A preview of Elephant Parade Singapore 2011, the largest open-air exhibition in the world dedicated to saving the Asian elephant, which will run from 11 November to 11 January 2012. The exhibition will feature over 100 life sized elephants, painted and decorated by celebrities and artists, and these will dot the streets of Singapore. Following the exhibition will be an auction of baby art elephants, with part of the proceeds going to the The Asian Elephant Foundation and Wildlife Reserves Singapore Conservation Fund.
Elephant At Rest, 2011, fibreglass sculpture.
Did you guess that the elephant is decorated with floral stickers?
From Liu Kang: A Centennial Celebration. Runs till 16 October 2011.
Samsui Women, 1951
Samsui women, immigrants from China, working as construction workers and distinguished by their red headpiece.
Chin Nam Street, 1951
Featuring the beautiful blue dome of the Old Supreme Court in the background.
From Seeing the Kites Again, an exhibition inspired by Wu Guanzhong’s metaphor of a kite and how it expresses the connection between an artist, his life and the people around him. Runs through 12 November 2012.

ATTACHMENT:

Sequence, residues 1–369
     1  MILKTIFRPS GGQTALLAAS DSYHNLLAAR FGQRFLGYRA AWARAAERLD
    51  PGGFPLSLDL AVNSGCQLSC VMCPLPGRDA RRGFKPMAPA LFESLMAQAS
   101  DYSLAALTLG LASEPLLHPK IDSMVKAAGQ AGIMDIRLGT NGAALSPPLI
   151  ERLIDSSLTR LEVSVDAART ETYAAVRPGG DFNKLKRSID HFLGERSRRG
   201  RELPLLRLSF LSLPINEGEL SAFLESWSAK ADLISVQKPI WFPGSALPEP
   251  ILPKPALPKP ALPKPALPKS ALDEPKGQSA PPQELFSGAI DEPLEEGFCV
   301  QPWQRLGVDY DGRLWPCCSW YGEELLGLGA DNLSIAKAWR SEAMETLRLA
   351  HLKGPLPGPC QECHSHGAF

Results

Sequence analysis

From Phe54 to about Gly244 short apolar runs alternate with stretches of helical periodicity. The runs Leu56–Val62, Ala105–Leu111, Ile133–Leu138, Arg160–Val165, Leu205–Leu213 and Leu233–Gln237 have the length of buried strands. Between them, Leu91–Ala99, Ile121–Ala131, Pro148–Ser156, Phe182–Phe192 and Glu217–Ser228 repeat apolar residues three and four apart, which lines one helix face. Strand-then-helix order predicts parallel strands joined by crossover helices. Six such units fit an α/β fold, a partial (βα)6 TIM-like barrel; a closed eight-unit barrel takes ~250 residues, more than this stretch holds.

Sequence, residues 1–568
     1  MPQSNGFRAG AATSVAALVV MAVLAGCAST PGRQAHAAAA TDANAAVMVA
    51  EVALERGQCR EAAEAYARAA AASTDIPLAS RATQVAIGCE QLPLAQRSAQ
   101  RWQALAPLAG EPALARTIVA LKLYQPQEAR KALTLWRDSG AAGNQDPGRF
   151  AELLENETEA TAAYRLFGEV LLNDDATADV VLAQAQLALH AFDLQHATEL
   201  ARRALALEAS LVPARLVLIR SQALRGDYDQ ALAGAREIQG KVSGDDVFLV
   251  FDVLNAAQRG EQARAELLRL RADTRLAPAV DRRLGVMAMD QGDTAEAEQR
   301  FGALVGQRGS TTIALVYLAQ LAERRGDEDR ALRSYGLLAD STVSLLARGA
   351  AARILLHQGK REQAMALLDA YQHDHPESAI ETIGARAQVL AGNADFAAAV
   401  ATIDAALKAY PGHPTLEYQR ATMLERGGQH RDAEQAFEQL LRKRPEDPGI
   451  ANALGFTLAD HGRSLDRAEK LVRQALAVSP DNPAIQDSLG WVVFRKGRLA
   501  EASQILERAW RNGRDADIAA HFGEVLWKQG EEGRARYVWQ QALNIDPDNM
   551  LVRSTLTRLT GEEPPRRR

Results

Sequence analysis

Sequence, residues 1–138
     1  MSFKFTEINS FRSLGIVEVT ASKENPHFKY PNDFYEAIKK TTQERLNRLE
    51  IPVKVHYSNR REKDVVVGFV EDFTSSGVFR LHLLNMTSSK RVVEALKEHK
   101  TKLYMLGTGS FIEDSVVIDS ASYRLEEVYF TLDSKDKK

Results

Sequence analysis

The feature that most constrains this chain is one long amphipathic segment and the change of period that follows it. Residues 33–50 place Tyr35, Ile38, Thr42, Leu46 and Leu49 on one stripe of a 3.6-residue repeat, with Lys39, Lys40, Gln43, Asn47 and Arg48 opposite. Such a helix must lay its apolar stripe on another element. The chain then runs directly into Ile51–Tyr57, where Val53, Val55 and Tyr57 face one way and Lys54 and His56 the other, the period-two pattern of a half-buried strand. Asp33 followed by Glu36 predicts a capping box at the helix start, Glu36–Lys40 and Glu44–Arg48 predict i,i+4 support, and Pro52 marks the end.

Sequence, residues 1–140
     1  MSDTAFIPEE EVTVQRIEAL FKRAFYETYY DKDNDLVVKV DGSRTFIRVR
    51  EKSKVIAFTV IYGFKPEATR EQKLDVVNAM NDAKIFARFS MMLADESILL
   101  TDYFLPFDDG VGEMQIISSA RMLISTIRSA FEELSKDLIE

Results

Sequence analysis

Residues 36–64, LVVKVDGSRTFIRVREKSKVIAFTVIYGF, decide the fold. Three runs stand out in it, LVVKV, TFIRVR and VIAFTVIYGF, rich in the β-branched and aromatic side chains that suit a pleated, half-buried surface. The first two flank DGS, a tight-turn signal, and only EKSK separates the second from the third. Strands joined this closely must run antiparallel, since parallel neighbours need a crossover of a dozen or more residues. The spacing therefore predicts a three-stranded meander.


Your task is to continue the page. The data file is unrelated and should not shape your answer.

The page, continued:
A Grasshopper Boat, 1998, oil on canvas.
White Flowers, 1993, oil on canvas.
Detail from The Mountain of Flowers and Fruits, 1960, oil on canvas.
Detail from Like Grass Like Flowers Like Fruits, 1988, ink and color on paper.
There was also a screening of specially selected animated films sourced from all over the world, at the dark and cosy air-conditioned chapel, Level 2. It ended its run on 30 August 2011.
Our favourite has got to be the sweet friendship between a little boy and a penguin in Lost and Found, a 24-min adaption of the best-selling picture book by Oliver Jeffers, directed by Philip Hunt.
The chapel wasn't crowded and it felt like a first movie date, as the boy and I sat on the long school benches, and giggled and ooh-ed at the funny and touching moments in the film.